South Korea’s embattled Yoon spurned by young antifeminists over failed pledges, scandals
- Support for President Yoon among young, male voters who propelled him to the top job has started to wane as he struggles to deliver on campaign promises
- The former prosecutor general has also come under fire for his inexperience and multiple political and personal controversies
Yoon, a former prosecutor general with no political experience, has come under fire for his lack of experience, with many young men calling him a “newbie who collected money but didn’t do any work”, “amateur” and “salary thief”, according to a survey by the Weekly Chosun across college campuses.
“I confidently voted for Yoon in March, but I’m regretting it a little bit now,” said Charles Shin, 28-year-old PhD student in the southwestern city of Gwangju.
Many young male supporters of Yoon disapprove of gender quotas under the Gender Equality Ministry and the “framing for the vulnerable that the liberal party usually capitalises on”, said Shin.
Some of these supporters have reminded the president of his promise, in a July rally led by antifeminism group Man on Solidarity. So far, Yoon has only asked the minister to propose a road map to abolish the Gender Equality Ministry.
A Gallup Korea survey released earlier in August revealed that just 22 per cent of Koreans aged 18-29 approved of Yoon as president, while 64 per cent disapproved.
A tracking poll by Realmeter also showed that Yoon’s support from people in their 20s in May stood at 55.6 per cent and declined to 26.9 per cent in August.
South Korean presidents typically see approval ratings of 70-80 per cent during their early months in office, driven by high expectations for their new governments.
Support for Yoon began to wane in June when the president and his wife brought along a non-governmental acquaintance on his visit to Spain for the Nato summit. Some children of the presidential couple’s relatives and associates also landed jobs at the presidential office, prompting accusations of nepotism.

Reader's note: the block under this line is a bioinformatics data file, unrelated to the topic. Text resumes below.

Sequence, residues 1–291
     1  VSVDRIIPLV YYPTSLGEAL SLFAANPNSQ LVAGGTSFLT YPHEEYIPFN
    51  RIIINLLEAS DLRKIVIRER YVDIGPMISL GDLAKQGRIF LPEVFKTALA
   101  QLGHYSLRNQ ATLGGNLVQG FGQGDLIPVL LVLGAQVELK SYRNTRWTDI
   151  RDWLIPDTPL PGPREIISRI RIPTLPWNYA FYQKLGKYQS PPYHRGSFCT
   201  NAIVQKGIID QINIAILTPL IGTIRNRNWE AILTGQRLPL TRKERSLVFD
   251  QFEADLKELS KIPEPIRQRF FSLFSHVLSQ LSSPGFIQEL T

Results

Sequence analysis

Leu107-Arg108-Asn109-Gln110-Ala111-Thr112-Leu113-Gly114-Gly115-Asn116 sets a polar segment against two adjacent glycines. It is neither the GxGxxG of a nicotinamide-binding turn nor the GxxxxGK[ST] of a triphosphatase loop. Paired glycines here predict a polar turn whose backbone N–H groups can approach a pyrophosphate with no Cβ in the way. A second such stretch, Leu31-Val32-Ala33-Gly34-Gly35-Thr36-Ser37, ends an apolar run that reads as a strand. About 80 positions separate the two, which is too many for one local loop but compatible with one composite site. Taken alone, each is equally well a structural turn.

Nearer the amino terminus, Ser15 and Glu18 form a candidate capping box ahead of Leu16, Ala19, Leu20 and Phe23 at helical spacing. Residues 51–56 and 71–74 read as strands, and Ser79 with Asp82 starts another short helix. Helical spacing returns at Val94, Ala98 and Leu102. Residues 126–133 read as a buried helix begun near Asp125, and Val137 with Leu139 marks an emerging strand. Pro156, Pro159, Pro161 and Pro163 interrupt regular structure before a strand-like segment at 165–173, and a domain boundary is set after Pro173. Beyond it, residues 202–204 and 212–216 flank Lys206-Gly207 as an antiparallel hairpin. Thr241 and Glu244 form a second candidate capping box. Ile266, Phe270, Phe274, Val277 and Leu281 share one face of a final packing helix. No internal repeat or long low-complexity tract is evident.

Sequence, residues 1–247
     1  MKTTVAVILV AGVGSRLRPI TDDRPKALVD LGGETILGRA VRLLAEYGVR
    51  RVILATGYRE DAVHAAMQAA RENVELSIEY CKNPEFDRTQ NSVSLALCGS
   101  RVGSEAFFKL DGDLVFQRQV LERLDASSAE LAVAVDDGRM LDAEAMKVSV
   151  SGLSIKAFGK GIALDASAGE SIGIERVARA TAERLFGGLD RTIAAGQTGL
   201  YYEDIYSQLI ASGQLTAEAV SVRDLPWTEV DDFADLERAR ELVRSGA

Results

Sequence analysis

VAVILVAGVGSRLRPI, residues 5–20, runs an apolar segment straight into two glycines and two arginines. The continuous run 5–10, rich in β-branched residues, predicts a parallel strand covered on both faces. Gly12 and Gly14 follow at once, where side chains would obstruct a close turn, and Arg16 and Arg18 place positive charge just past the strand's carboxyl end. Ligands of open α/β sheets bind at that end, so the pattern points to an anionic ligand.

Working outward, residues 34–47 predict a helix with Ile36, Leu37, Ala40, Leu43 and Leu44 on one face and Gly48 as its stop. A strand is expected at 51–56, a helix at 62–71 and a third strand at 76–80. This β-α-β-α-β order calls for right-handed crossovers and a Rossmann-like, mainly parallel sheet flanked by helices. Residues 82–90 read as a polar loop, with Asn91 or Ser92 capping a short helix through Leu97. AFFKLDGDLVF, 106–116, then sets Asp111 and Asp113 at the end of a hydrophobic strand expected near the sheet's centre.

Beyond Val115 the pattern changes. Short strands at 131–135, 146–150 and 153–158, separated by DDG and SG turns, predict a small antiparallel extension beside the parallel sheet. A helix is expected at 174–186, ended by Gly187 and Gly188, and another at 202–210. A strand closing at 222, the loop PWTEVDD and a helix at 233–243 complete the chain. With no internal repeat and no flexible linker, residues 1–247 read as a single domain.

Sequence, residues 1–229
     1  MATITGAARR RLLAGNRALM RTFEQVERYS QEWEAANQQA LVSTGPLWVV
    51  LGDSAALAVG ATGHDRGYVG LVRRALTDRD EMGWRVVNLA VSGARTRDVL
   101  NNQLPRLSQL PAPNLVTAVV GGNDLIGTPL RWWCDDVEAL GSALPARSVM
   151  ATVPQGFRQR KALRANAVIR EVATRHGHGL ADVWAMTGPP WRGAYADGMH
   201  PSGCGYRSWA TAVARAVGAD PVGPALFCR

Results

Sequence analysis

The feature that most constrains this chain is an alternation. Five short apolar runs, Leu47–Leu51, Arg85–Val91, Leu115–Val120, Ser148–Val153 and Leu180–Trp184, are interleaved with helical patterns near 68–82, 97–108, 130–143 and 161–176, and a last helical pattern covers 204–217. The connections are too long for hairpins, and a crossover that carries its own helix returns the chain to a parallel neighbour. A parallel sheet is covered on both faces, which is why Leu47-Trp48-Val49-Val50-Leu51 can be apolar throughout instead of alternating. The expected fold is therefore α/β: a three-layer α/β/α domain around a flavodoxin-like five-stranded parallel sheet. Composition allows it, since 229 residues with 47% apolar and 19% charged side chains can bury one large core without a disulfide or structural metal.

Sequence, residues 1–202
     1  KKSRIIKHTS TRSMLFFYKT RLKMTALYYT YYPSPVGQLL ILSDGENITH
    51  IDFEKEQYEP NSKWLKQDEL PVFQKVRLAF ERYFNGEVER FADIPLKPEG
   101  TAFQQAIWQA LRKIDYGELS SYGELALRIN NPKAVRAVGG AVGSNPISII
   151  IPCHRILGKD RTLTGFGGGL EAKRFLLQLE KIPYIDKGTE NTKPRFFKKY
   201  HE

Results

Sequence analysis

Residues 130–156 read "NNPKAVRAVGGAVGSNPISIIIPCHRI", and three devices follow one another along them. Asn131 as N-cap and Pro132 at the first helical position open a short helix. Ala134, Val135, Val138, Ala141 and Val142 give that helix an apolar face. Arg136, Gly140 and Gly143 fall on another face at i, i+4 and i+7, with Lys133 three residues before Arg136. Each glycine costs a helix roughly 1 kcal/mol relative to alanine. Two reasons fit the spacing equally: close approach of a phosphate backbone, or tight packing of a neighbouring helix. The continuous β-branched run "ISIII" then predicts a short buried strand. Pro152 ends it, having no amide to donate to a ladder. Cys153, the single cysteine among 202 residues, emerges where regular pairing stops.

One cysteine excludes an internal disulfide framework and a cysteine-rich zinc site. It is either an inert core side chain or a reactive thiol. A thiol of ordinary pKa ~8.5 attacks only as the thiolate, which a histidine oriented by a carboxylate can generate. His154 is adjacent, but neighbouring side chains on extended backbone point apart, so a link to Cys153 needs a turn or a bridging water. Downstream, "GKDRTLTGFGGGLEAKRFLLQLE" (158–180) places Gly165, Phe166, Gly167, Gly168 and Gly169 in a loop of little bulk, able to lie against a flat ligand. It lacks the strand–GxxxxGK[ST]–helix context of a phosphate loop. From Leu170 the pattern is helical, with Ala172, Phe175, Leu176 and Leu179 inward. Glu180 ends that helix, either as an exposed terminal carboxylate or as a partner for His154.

The same Gallup survey also revealed that 24 per cent of respondents disapproved of the president over his choice of Cabinet ministers, while 14 per cent pointed to Yoon’s lack of experience and incompetence.
Six per cent of respondents expressed dissatisfaction with how his administration handled floods in Seoul earlier this month after historic rainfall swamped the city and killed 13 people.
There are also hints of a political struggle in Yoon’s conservative People Power Party, which came under fire in July after the party’s former chairman Lee Jun-seok was suspended for six months over sexual misconduct allegations.
Young and charismatic Lee had been crucial in rallying young voters for the party during the presidential election. Yoon and other party leaders appeared to turn their backs on Lee when the allegations surfaced, prompting whispers of intraparty unrest.
“One thing I’ve realised from Yoon’s poor start is that those who gain power do whatever they want. People on the right and left side of the political sphere are all the same,” Shin said.
Polling agency Media Tomato earlier this month published a poll with 42.5 per cent of respondents willing to support a new conservative party formed by Lee and former lawmaker Yoo Seong-min, while just 29.8 per cent supported the PPP.
“Yoon doesn’t seem to have a concrete vision while at his presidency,” said Chung Joo-shin, director of the Korea Institute of Politics and Society. “The question of his leadership and his inability to solve problems addressed by his supporters seems to have exacerbated his decline in support.”
Chung believes that the continued absence of change will make it harder for the presidency to gain respect, and that a new young leader in the liberal camp would soon gain political momentum.
“If a turnaround is to happen, the president needs to start becoming closer with the public instead of trapping himself in his presidential office,” he said.
There have been signs of a small uptick in Yoon’s popularity ratings over the past three weeks, as he seeks to reshuffle his team to replace as much as 25 per cent of members, or around 70 personnel. Yoon last week appointed Kim Eun-hye as the new senior secretary for press affairs.
While it hasn’t moved his detractors, some supporters remain steadfast despite Yoon’s numerous missteps.
“There is a reason that every president is given five years to be in office,” said Park Jeong-hyun, a 31-year-old businessman from Incheon. “His mishaps don’t seem to be that big, and it’s the president who has the final say in who he hires for the president’s office.”
Park attributes his support of Yoon to his political inexperience, unlike many of Yoon’s critics and predecessors. “I like that he never stepped foot in the national assembly ever in his life. I don’t trust those people.”